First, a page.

With increasing restrictions and tougher English language requirements, the number of international students in the UK is likely to continue to drop which could result in significant negative impact on the British economy.
According to the UK Council for International Student Affairs (UKCISA), the total number of international students in the UK in 2013-14 was 435,500. International students made up 18% of the total student population. The number of students in Scotland, Wales and Northern Ireland are 48,360, 25,610 and 5,950 students respectively. However the UK wants to cut this number by 25,000 students a year by implementing tougher English tests.
Following a meeting between university leaders and Home Office Officials in early October, David Cameron, the Prime Minister, pushed for language tests to become harder. While plans were made to introduce a more precise system to test English language skills of incoming international students, Theresa May, Home Secretary, wants to “crackdown” on non-English speaking students. May believes that university students are part of the “immigration problem” in Britain.
These changes in the English test will negatively impact foreign students including those from India and Pakistan whose numbers have already been on the decline. In fear of a rising decline, some ministers are opposed to toughening the testing system. May was criticized on social media and by both business groups and other government officials. A decrease in international students can have a significant negative impact on the economy and making the language tests tougher than those in Australia and America will give UK universities a great disadvantage.
This is especially of consequence with the university funds that were cut by 17% on November 25th.. This will not only lower the opportunity of poor students to take out loans but all graduates who have taken out loans since 2012, will have to pay more. This can have a negative impact on university enrollment, but Prime Minister George Osborne believes that the universities can compensate for this by recruiting more international students. However this will be made much harder with the changes in testing.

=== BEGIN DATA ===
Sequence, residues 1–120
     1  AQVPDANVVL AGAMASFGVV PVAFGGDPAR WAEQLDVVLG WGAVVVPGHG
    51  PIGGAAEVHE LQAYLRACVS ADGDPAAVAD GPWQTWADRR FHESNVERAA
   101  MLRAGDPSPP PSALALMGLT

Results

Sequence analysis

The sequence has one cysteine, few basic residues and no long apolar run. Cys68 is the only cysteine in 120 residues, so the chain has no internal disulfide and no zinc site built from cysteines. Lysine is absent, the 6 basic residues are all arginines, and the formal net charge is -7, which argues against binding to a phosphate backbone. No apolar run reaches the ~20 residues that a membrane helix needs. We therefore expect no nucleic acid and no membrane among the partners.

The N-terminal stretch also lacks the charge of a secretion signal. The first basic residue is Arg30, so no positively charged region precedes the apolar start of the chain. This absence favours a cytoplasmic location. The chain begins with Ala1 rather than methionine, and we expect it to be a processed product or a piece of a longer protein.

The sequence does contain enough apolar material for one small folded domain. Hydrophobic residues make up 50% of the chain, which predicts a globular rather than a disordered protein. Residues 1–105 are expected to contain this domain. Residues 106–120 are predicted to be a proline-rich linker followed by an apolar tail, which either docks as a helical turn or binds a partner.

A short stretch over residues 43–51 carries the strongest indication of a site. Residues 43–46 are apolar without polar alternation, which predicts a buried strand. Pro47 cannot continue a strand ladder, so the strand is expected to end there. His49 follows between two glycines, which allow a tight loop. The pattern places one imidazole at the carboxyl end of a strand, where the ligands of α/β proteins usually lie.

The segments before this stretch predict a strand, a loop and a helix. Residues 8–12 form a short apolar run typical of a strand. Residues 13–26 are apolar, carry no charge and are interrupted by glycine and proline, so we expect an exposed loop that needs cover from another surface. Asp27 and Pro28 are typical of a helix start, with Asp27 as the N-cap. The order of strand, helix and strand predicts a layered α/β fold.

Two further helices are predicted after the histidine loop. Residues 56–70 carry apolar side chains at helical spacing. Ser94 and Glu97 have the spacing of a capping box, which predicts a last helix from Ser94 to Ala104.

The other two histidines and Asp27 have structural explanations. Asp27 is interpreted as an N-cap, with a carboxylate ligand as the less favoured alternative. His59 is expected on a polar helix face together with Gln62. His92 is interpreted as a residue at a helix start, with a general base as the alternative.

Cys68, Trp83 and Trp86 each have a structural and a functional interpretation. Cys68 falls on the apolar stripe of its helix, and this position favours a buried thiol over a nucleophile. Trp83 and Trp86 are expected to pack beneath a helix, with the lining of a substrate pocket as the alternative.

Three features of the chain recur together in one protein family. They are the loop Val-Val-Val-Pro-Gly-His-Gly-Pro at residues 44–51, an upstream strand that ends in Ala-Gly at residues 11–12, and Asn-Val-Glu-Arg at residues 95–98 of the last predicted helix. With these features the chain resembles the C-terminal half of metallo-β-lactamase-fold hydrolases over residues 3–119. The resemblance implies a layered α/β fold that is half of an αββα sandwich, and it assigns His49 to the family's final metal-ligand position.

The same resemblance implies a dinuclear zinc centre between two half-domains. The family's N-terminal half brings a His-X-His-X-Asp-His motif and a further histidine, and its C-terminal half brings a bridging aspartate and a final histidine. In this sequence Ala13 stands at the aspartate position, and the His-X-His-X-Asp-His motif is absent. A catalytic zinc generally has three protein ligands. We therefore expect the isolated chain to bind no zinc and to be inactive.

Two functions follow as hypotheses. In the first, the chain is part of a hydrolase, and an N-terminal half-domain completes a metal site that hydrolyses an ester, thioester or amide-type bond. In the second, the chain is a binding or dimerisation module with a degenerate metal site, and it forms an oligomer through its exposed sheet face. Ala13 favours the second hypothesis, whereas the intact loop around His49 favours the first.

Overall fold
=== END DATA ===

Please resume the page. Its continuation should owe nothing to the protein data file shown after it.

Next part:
Along with tougher tests, the UK is also making further changes to student visas. The changes include banning students from switching their visas from Tier 4 to Tiers 2 and 5. Along with this ban, non-EU students who study at publicly funded universities are not allowed to work or extend their Tier 4 visas. The already falling numbers of Indian students in the UK will only decrease from the 12,000 student visas given in 2014.
The government is divided on this topic with some supporting the reforms due to the ‘immigration problem’ in the UK while others fear what the impact that cutting international student number will do to the economy. The problem with immigration isn’t just about the students, but the large number of people who are trying to get into the UK illegally. In just two days this summer, 3,500 people attempted to travel via the Channel Tunnel.
The problem isn’t just about the number of jobs and immigrants taking jobs from Brits because they accept lower fees. Housing is a big issue too. Regarding jobs, studies showed that in 2004-2005 almost 250,000 Polish immigrants came to the UK which resulted in lower unemployment rates and a rise in job vacancies. This data is proof that the Poles did not take British jobs.
The number of students who switch to other visas to extend their stay in the UK has fallen gradually in the past few years due to stricter laws. In 2011 almost 55,000 people successfully switched from a student visa, then 10,000 less in 2012, less than 13,000 in 2013 and less than 12,000 in 2014. This June was people who earned less than £46,000 were denied visas. With the new changes, this number will likely continue to drop drastically.
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